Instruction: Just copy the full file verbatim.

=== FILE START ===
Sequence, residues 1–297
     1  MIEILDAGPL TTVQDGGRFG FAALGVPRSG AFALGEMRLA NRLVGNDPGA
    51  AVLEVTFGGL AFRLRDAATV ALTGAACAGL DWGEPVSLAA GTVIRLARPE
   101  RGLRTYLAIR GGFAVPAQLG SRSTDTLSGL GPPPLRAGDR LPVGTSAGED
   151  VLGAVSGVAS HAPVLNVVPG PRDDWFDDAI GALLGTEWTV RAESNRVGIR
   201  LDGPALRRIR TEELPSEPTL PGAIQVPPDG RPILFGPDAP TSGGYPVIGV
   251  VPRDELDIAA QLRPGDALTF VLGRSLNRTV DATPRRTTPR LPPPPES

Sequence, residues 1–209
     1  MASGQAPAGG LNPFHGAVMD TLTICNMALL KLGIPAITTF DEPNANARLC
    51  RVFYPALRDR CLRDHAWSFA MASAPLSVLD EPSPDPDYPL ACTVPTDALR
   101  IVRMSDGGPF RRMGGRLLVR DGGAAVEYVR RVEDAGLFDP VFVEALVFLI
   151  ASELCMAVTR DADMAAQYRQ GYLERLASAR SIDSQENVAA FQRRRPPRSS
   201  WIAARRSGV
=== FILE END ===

Sequence, residues 1–297
     1  MIEILDAGPL TTVQDGGRFG FAALGVPRSG AFALGEMRLA NRLVGNDPGA
    51  AVLEVTFGGL AFRLRDAATV ALTGAACAGL DWGEPVSLAA GTVIRLARPE
   101  RGLRTYLAIR GGFAVPAQLG SRSTDTLSGL GPPPLRAGDR LPVGTSAGED
   151  VLGAVSGVAS HAPVLNVVPG PRDDWFDDAI GALLGTEWTV RAESNRVGIR
   201  LDGPALRRIR TEELPSEPTL PGAIQVPPDG RPILFGPDAP TSGGYPVIGV
   251  VPRDELDIAA QLRPGDALTF VLGRSLNRTV DATPRRTTPR LPPPPES

Sequence, residues 1–209
     1  MASGQAPAGG LNPFHGAVMD TLTICNMALL KLGIPAITTF DEPNANARLC
    51  RVFYPALRDR CLRDHAWSFA MASAPLSVLD EPSPDPDYPL ACTVPTDALR
   101  IVRMSDGGPF RRMGGRLLVR DGGAAVEYVR RVEDAGLFDP VFVEALVFLI
   151  ASELCMAVTR DADMAAQYRQ GYLERLASAR SIDSQENVAA FQRRRPPRSS
   201  WIAARRSGV